President Barack Obama is expected to lay out his second term agenda on climate change in a major speech on Tuesday at Georgetown University. North of the border, Ottawa and Alberta will be X-ray every sentence for signs that might indicate whether the White House is leaning toward an approval of the Keystone XL pipeline — or not.
Are the new climate policy initiatives the president is expect to announce meant to sugar coat the bitter pill of a presidential go-ahead on the Keystone later this year? Or will the White House embrace a “target everything” approach to global warming that won’t make any exceptions for Canada’s beleaguered pipeline?
There are reasons to speculate one way and the other.
Most of the media reports that have anticipated a major presidential announcement on climate policy have leaned toward the bargaining chip hypothesis. As Luiza Savage, here at Maclean’s, pointed out last week, the theory that the White House would have to throw a meaty bone to environmentalists in order to make a Keystone approval politically feasible has been circulating in Washington—and Ottawa—for quite some time. Tomorrow’s announcement could be precisely the meaty bone everyone’s been anticipating.
Also, a number of sources in and near the White House have been telling journalists that the focus of the the new measures will be power plants. Keystone opponents at a Democratic fundraiser, for example, reportedly told Bloomberg in mid June that “the package [of climate change policies] will include final rules from the Environmental Protection Agency to limit greenhouse-gas emissions from new power plants.” Likewise, a front-page New York Times article published last week announced that, “President Obama is preparing regulations limiting carbon dioxide emissions from existing power plants.”
That would seem to indicate coal-fired plants, by far the largest electricity producers in the U.S., are the White House’s main target. Electricity generation accounts for nearly 40% of greenhouse gas emissions south of the border, according to the Environmental Protection Agency, and coal plants have long been one of the chief boogeymen of U.S. climate policy. The oil industry, accounts for the lion’s share of carbon dioxide emissions tied to the transportation sector, but when it comes to electricity production it is a minnow:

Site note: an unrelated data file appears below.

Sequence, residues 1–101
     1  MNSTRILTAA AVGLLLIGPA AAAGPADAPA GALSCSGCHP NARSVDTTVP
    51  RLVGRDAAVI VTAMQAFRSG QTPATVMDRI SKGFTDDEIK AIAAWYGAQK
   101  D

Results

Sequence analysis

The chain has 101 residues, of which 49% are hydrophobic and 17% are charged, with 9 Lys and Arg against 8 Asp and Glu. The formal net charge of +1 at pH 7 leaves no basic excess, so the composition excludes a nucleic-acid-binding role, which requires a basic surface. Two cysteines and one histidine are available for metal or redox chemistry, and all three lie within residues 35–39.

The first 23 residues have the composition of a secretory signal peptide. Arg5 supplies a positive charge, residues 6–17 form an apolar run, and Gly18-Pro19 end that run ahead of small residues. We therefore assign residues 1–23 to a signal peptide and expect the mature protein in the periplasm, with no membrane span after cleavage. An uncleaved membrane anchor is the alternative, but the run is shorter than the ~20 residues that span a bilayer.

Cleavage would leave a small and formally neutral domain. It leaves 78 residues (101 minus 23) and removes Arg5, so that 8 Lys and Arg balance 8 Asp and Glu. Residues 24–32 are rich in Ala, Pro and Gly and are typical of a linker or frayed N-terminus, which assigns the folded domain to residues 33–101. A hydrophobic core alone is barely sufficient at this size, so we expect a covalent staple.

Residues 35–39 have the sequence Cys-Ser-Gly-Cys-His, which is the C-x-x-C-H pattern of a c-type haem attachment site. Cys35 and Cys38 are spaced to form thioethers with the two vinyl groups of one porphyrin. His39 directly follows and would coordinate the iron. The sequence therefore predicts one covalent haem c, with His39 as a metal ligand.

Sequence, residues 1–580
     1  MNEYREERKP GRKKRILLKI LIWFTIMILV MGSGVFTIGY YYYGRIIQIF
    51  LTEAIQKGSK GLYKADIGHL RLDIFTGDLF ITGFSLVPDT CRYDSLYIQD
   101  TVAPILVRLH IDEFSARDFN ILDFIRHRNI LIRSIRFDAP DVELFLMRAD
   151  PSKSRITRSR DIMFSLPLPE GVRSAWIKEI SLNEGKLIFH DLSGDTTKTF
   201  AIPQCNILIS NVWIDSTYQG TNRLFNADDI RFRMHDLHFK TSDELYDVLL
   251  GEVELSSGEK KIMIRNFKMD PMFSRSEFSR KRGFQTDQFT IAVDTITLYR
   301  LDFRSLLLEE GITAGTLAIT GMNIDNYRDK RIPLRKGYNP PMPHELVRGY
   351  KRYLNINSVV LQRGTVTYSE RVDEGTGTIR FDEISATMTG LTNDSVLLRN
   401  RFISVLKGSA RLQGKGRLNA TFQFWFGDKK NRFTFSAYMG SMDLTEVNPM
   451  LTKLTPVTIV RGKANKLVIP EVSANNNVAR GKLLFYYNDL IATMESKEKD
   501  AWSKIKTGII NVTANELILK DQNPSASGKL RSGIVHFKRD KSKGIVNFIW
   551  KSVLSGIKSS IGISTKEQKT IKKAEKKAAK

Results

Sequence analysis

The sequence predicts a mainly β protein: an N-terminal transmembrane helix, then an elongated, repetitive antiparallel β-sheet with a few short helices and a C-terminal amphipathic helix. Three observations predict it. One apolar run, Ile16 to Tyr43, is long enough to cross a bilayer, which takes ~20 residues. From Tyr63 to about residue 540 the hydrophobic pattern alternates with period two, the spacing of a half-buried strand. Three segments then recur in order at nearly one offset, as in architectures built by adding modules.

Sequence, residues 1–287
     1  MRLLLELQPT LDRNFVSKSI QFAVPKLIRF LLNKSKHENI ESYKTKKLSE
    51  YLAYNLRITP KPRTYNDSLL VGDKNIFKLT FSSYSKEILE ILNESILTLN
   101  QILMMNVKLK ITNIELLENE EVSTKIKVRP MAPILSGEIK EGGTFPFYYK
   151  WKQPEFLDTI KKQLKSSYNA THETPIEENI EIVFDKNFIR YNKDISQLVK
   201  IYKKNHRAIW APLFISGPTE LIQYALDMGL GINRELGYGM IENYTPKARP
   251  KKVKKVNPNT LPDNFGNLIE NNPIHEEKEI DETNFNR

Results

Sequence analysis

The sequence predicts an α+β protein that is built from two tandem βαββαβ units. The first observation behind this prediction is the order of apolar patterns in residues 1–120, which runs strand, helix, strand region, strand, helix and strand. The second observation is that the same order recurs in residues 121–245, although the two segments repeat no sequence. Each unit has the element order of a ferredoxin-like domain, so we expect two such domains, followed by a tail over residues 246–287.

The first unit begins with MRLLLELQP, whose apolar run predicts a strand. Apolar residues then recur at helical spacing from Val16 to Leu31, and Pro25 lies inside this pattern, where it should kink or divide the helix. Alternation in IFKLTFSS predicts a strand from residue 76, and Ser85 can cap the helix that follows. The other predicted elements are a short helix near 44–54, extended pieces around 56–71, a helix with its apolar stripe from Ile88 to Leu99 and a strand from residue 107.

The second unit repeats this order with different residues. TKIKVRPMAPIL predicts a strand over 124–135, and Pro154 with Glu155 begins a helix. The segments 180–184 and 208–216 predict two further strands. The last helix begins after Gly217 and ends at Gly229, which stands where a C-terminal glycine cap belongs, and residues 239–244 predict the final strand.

A third reason to suspect tomorrow’s announcement has much to do with Canada’s pipeline is its timing: Just a few months before the White House is expected to issue its final verdict on Keystone in late September or early October.
Yet, other details suggest Canadians should perhaps curb their enthusiasm.
First, the president could well announce that the stricter emission standards for power plants will hit oil refineries too, a signal, perhaps, that he has embraced a sweeping approach to climate policy and will make no exceptions for Keystone.
In an official White House YouTube video previewing Obama’s upcoming speech, it’s the picture of an oil refinery—not a coal-fired plant—that appears in the background as the president’s voice-over announces an upcoming “national plan to reduce carbon pollution.” The choice of imagery has Ottawa insiders concerned. (The crucial bit is about 16 second into the 1.15 minute video.)
Also, the timing of the speech might have actually nothing to do with the Keystone approval process. As the Bloomberg article noted, the EPA had meant to issue emission standards for the existing fleet of electric-power plants in April, but delayed its plans after the draft rules met with strong opposition from industry. The agency has been tweaking those regulations every since. It could be that it has now reached finally a workable arrangement—one fit for a grand presidential pitch to the public.
Tomorrow should give us some good cues. Stay tuned.
Correction: A previous version of this post stated that Organizing for Action, a grassroots political group close to President Obama, has “finally embraced environmentalists’ pleas to take a stance against Keystone.” That was incorrect. The group has recently stepped up its climate change advocacy efforts, but has not openly opposed Keystone.